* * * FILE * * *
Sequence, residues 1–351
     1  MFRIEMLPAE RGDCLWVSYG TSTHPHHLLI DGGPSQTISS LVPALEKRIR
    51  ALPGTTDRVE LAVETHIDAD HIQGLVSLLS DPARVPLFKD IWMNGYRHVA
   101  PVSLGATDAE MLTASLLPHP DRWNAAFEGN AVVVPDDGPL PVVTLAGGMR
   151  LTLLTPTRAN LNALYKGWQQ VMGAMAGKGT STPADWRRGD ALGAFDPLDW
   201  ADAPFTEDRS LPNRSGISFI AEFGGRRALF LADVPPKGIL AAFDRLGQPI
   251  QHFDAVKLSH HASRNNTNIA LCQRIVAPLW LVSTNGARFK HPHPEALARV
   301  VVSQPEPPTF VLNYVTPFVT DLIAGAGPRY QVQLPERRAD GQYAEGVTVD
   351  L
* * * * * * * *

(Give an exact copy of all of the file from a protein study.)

Sequence, residues 1–351
     1  MFRIEMLPAE RGDCLWVSYG TSTHPHHLLI DGGPSQTISS LVPALEKRIR
    51  ALPGTTDRVE LAVETHIDAD HIQGLVSLLS DPARVPLFKD IWMNGYRHVA
   101  PVSLGATDAE MLTASLLPHP DRWNAAFEGN AVVVPDDGPL PVVTLAGGMR
   151  LTLLTPTRAN LNALYKGWQQ VMGAMAGKGT STPADWRRGD ALGAFDPLDW
   201  ADAPFTEDRS LPNRSGISFI AEFGGRRALF LADVPPKGIL AAFDRLGQPI
   251  QHFDAVKLSH HASRNNTNIA LCQRIVAPLW LVSTNGARFK HPHPEALARV
   301  VVSQPEPPTF VLNYVTPFVT DLIAGAGPRY QVQLPERRAD GQYAEGVTVD
   351  L